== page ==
Two constants of Dushanbe life in the summer are heat and dust. Despite cloudless skies and practically non-existent humidity, the dust is such that a permanent haze fills the air, the mouth and the lungs, dust from the dirt kicked up and sprayed about by machines, dogs, cows, goats, people, and from the belching of the cement factory at the north end of the city, coating the nearby world in a fine bitter powder.
About the dust I could do nothing; but I resolved to ameliorate the heat - and improve my prospects at an impending business meeting - by the simple expedience of a haircut. Simple, I thought; forgetting, of course, that simplicity is a complicated thing.
There is a barber shop about a half-mile from my office, a short and not unpleasant walk past the bazaar, sambusa stands, teahouses and beer gardens. It is literally a hole in the wall, a tiny room built into the front of a supermarket, its one chair attended by a single barber who has the great fortune to be rail-thin so as to fit between the back of his barber chair and the wall. As one might expect when one purposes to get a haircut at lunchtime, I arrived to find the one chair occupied and recently so, presaging a long wait outside (no room to wait inside!) in the hot sun and dust. Not being one to permit myself such suffering, or for that matter to go too long without indulging my murmuring stomach, I determined to cross the street to the rather large beer garden fronting the Soviet-style opera house. I quickly found a table that allowed an unobstructed view of the barber shop so that I could gauge my predecessor's progress on the tonsorial throne and prepare myself to seize the same at first opportunity. Well, he sat, and I sat, he at least attended to; thrice the waitress passed me by without so much as a nod and after a long interval of absence returned to my vicinity for the sole purpose of waiting a table just then occupied by three young men, directly next to mine, then flitted away on taking their order oblivious to my pleading eyes and now-growling stomach.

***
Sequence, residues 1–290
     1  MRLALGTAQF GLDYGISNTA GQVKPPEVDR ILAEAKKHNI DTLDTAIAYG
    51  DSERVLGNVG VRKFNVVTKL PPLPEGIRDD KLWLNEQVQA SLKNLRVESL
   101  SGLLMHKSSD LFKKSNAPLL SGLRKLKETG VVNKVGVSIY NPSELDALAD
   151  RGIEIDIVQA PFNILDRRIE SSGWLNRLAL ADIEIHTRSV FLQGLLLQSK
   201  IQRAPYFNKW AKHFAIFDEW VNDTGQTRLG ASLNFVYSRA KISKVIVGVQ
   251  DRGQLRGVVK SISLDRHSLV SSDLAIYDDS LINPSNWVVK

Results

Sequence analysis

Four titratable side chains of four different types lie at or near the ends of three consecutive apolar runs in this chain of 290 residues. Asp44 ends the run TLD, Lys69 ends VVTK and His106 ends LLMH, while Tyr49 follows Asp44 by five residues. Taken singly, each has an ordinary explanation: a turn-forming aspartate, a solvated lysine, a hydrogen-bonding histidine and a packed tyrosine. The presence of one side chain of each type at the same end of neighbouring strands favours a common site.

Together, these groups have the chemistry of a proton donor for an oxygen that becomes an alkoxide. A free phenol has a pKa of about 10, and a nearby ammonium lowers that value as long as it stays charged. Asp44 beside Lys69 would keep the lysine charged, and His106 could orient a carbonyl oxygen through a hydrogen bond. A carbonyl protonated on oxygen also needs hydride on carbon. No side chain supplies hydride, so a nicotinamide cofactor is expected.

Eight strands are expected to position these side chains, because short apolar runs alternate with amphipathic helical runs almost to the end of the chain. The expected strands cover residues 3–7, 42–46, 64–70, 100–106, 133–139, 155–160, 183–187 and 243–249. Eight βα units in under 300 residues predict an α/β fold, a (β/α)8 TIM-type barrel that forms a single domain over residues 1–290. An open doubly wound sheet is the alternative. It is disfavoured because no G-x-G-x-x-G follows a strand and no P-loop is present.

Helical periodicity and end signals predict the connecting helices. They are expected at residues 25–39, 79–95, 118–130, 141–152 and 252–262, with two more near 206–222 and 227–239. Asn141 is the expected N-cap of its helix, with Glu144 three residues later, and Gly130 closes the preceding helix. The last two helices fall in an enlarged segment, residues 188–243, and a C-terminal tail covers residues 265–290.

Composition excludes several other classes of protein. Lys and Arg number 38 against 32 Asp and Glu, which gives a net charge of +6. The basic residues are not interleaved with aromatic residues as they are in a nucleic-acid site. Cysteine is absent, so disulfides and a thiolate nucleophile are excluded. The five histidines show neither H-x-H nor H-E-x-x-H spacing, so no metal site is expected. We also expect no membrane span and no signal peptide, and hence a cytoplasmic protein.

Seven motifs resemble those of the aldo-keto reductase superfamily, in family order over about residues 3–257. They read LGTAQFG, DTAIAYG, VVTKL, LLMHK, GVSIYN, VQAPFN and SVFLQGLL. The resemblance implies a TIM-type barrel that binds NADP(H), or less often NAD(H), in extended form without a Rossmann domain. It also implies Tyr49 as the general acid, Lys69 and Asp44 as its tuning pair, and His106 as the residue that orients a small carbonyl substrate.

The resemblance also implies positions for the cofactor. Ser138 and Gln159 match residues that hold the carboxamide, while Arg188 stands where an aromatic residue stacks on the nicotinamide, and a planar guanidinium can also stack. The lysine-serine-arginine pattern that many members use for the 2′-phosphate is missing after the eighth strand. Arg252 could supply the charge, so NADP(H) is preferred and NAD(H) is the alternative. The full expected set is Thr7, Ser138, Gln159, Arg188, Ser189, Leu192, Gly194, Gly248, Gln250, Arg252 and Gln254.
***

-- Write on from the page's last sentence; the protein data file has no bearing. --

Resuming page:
Well, says I, so much for my putative shashlik and Baltika 3. Having no intention of remaining where I evidently could not be seen or heard by persons only inches away from me, and having noted that the activity in the barber chair had moved along a bit, I crossed the street back to my strategic position in front of the barber shop, ready to take my honored place the moment it became vacant.
Of course, a ragged old woman chose exactly that moment to plead her life's woeful story to me (not that I understood a word of what she said, mind you; she could just as well have been calling me unflattering names and commenting on my ancestry; but I chose to believe something less to my disadvantage) and thus beg a mere Somoni (29 cents US). At least to the point of that sum, I am not without generosity, and besides, her begging was annoying, so of course I gave her a couple of Somonis to send her own her way, she calling down the blessings of every attending deity on me. Well, I suppose no deity was in fact attending at that moment, for as I turned from this momentary distraction, just at that very instant, of course, out slips the one customer and in snivels another, two feet and half a second in front of me.
At that event of course I should have been deterred from further commerce in this part of the city, but being the fool I am, in a burst of unjustified optimism I wagered that this sniveller, having rather short hair to begin with, would occupy only a very brief portion of the barber's workday, and thus allow me to achieve the purpose of my venture after only a momentary delay. My stomach now threatening a riot, I ducked into the supermarket and liberated an ice cream cone from the freezer, separated from its enjoyment only by the checkout lines.